If he has even a single delegate, he has automatic access to the GOP convention in Sept. It may be at 3 in the morning, but he will have his day (as Buchanan would have had had he not jumped ship after winning New Hampshire). If the GOP candidates still have not gotten a clear winner he may stick around hoping for a brokered convention and the press attention that will continue all the way to Sept.

    If Fred is dead, and one of the others falters then a leader may emerge. A Bloomberg independent will also influence a decision to go third party. Unless Bloomberg would accept a VP slot on the Paul ticket…just threw that out there…Ron could use a billionaire VP candidate.

    2. A lot of libertarians (like me) who support Ron Paul’s run as a Republican would not be enthusiastic about him running on the LP ticket because he is not IMHO a good libertarian.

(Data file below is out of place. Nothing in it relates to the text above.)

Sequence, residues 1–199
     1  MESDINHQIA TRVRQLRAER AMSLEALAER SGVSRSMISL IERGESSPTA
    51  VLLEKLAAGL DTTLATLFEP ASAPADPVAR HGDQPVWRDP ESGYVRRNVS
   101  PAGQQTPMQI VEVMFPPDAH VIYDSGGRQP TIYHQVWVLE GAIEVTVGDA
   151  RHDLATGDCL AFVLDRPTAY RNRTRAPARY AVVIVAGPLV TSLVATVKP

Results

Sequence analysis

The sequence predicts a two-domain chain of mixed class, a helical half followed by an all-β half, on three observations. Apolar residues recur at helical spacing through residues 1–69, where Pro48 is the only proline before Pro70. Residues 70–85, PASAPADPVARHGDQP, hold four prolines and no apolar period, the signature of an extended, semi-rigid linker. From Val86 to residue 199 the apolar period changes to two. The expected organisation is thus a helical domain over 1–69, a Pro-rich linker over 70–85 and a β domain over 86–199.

His “throwing” the election to Hillary by splitting the GOP vote by going third party would effect his CONgressional future. He has spent his political career protecting his district. He would have to consider how his district would look at a third party run now.

    He would have to weigh how much exposure for his ideas he would get if he left the GOP race (remember Buchanan) versus the price the GOP would extract from him in CONgress. While his supporters would continue to grow (some would leave to support the Democrat) I expect the best he could hope for would be idling. Even if the MSM ignored him completely I suspect he would still have at worse the same relative support he has now…and that is better than any other candidate can boast.

    So will he? I don’t think so, but my political predictions have been notoriously wrong.

  20. Fascist Nation Says: